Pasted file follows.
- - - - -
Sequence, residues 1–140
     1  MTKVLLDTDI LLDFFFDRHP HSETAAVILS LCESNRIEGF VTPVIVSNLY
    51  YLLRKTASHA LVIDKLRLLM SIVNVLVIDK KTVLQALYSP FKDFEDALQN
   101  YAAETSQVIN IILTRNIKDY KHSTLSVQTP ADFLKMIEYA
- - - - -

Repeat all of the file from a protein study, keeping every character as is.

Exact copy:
Sequence, residues 1–140
     1  MTKVLLDTDI LLDFFFDRHP HSETAAVILS LCESNRIEGF VTPVIVSNLY
    51  YLLRKTASHA LVIDKLRLLM SIVNVLVIDK KTVLQALYSP FKDFEDALQN
   101  YAAETSQVIN IILTRNIKDY KHSTLSVQTP ADFLKMIEYA